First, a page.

As a follow-on from my post on floating point values and endian swapping, I thought I’d write an article on strings. String encoding is fairly complicated due to the fact that we’re now living in a large global community – ASCII simply won’t cut it any more. On the positive side, if you only need ASCII you can send it across the network as-is. Since it’s only a single byte, there is no worry about endianness.
The problem is when dealing with string encoding that can go over a single byte, so-called multi-byte encoding. This is very likely if you need to support languages other than English. Rather than worry about endianness, BOMs, and other character encoding headaches; may I humbly suggest you try UTF-8. UTF-8 is completely backwards-compatible with ASCII, yet supports the entire unicode character set. It uses the minimum number of bytes for each character (good for saving bandwidth) and is inherently immune to endian issues (for for your sanity). In C# encoding to UTF-8 couldn’t be simpler:
The only issue with UTF-8 is that you can’t just say that the string is X number of bytes long based on the number of characters. Characters can require anywhere from 1 byte to 6 bytes. The simplest solution to this problem is to encode the string into a byte array, then prefix with an int that contains the length of the entire string in bytes. When reading the string back in, you can read in the first int then read however many bytes the int specifies.
I’ve seen a few posts & threads around the Internet about network order (aka big-endian) and floating point values in C#. First – all binary values are affected by the underlying architecture – this includes floating point values. It’s akin to Hebrew – all the words are written right-to-left, not just some. Now that we’ve cleared that up, I’m sure you’re wondering just how we reverse the ‘endianness’ of floats given that IPAddress only lets you convert ints.
A 32bit int is merely 32 bits of data. We just label it as an ‘int’ and always interpret it thus. What we need to do, is take a 32bit float and pretend it’s an int, get C# to convert it, then send it down the network pipe. The receiver can then fix the endianness and read it as a float. I’ve written some code that does just that:
/// Convert a float to network order
/// <param name="host">Float to convert</param>
/// <returns>Float in network order</returns>
public static byte HostToNetworkOrder(float host)
byte bytes = BitConverter.GetBytes(host);
/// Convert a float to host order
/// <param name="network">Float to convert</param>
/// <returns>Float in host order</returns>
public static float NetworkToHostOrder(int network)
byte bytes = BitConverter.GetBytes(network);
return BitConverter.ToSingle(bytes, 0);
Remember Network Order is always big-endian. .NET itself can be big-endian or little-endian depending on the underlying architecture. For this reason we always check if we even need to perform a conversion by checking if we’re running on a little-endian system. As an aside Java is always big-endian, regardless of the underlying architecture it’s running on.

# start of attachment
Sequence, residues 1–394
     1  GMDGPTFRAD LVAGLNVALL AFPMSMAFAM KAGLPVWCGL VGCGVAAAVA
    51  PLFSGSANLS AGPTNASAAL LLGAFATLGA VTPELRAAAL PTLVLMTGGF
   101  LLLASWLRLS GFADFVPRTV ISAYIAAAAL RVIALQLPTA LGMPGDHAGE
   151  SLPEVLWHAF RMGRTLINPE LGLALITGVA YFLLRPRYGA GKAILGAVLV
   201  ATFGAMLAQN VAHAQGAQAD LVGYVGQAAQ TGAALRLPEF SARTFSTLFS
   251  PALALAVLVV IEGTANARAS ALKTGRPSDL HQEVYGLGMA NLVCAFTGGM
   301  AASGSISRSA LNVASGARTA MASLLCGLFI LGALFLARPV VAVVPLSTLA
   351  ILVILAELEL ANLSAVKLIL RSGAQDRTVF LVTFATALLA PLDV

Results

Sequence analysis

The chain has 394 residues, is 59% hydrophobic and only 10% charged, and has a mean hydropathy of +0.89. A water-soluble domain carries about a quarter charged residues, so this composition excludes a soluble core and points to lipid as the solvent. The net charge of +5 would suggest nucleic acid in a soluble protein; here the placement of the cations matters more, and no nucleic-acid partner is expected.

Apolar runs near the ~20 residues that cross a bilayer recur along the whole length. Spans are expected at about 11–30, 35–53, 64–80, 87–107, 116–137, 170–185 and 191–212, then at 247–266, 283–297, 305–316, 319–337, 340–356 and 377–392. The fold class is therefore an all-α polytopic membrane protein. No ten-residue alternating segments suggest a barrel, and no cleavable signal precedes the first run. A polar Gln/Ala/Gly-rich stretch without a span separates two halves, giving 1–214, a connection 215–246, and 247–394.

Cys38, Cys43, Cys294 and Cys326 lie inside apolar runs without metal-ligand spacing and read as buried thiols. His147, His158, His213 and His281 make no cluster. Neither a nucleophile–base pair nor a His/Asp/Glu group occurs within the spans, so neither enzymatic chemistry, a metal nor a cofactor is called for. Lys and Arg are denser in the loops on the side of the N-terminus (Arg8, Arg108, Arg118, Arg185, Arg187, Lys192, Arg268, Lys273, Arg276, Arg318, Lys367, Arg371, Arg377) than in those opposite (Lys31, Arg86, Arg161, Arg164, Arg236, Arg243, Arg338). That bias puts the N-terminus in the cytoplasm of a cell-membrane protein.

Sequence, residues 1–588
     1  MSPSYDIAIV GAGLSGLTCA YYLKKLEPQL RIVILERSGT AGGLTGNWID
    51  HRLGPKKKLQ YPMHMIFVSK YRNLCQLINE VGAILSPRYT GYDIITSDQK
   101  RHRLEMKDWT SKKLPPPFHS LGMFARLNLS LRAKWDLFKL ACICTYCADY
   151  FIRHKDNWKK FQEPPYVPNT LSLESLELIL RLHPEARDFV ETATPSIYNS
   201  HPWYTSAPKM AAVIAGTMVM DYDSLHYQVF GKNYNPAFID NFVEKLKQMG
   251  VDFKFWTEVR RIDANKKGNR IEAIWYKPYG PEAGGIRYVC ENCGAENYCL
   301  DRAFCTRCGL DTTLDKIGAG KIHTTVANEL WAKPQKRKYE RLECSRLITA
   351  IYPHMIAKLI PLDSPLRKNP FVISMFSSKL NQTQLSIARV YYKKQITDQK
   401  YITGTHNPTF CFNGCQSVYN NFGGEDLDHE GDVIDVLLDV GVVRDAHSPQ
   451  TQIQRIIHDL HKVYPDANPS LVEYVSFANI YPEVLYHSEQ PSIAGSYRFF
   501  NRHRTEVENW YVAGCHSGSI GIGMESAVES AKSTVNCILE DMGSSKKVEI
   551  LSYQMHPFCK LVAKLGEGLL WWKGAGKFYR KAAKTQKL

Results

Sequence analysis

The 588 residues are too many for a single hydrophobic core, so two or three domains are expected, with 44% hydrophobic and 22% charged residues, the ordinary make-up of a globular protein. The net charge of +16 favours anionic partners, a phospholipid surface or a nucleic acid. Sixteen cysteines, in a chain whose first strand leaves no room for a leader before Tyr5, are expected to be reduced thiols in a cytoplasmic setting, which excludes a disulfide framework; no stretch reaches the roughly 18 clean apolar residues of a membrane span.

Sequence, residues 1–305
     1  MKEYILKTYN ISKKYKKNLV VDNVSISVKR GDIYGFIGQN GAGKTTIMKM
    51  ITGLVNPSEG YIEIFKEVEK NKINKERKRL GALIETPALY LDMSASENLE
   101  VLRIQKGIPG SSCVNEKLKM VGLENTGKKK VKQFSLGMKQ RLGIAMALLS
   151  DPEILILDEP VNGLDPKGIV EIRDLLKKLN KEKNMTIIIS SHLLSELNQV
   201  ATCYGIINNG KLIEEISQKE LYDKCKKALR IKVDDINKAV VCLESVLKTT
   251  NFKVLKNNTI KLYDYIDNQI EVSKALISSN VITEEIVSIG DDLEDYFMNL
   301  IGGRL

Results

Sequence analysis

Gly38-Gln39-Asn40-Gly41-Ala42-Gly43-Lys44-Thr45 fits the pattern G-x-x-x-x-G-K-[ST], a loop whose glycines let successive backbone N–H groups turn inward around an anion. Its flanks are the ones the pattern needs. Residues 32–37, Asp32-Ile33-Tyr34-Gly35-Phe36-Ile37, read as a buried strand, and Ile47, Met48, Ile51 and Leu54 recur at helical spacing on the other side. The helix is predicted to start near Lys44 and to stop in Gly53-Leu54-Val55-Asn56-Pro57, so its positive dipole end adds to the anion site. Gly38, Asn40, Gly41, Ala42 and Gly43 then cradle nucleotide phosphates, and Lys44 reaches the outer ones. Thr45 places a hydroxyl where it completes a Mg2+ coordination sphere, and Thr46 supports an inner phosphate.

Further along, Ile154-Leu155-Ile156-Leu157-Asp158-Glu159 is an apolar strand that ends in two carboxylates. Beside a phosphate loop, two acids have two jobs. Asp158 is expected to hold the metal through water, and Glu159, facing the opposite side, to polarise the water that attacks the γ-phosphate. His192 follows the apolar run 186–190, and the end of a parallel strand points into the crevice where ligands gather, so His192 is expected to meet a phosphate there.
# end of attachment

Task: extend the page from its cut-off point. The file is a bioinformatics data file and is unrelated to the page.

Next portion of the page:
This is going to be a slightly more ‘abstract’ post compared to what I normally do, but I think it’ll be useful for anyone making multi-player games. The biggest problem with multi-player games is network latency & bandwidth. This is something you just have to design for with your game mechanics, for example many MMOs have ‘cast times’ for most actions to cover the latency between the various clients and the server.
In this post I’m going to show clock synchronisation, a kind of synchronisation where you can ensure your various clients are all sharing the same timestamp as the host, give or take a few ms. For my game, having the same clock on all clients means I can time actions to occur simultaneously across all users. The code below is Java for Android, but it can be ported across to other platforms easily enough.
First you need to request the host’s current timestamp:
_timeRequest = System.currentTimeMillis();
_timeRequest in this case is a long field, while _networkDroid is my networking layer. Next when you get a response, you need to get the offset between the host’s timestamp and the client’s:
long currentTime = System.currentTimeMillis();
long travelTime = (currentTime - _timeRequest) / 2;
_timeDifference = (int)(currentTime - (remoteTimestamp + travelTime));
_timeRequest = 0;
In this code we first get the client’s current time, we get this as early as possible to minimise the error margin. Next we work out how long it took the packet to arrive from the host – we do this by dividing the total transit time by 2 (the first half was sending the request). Next we work out the difference between the hosts timestamp (with transit time taken into account) and the client’s timestamp.
Finally to get the synchronised timestamp is simple:
return System.currentTimeMillis() - _timeDifference;
And there you have it, synchronised clocks!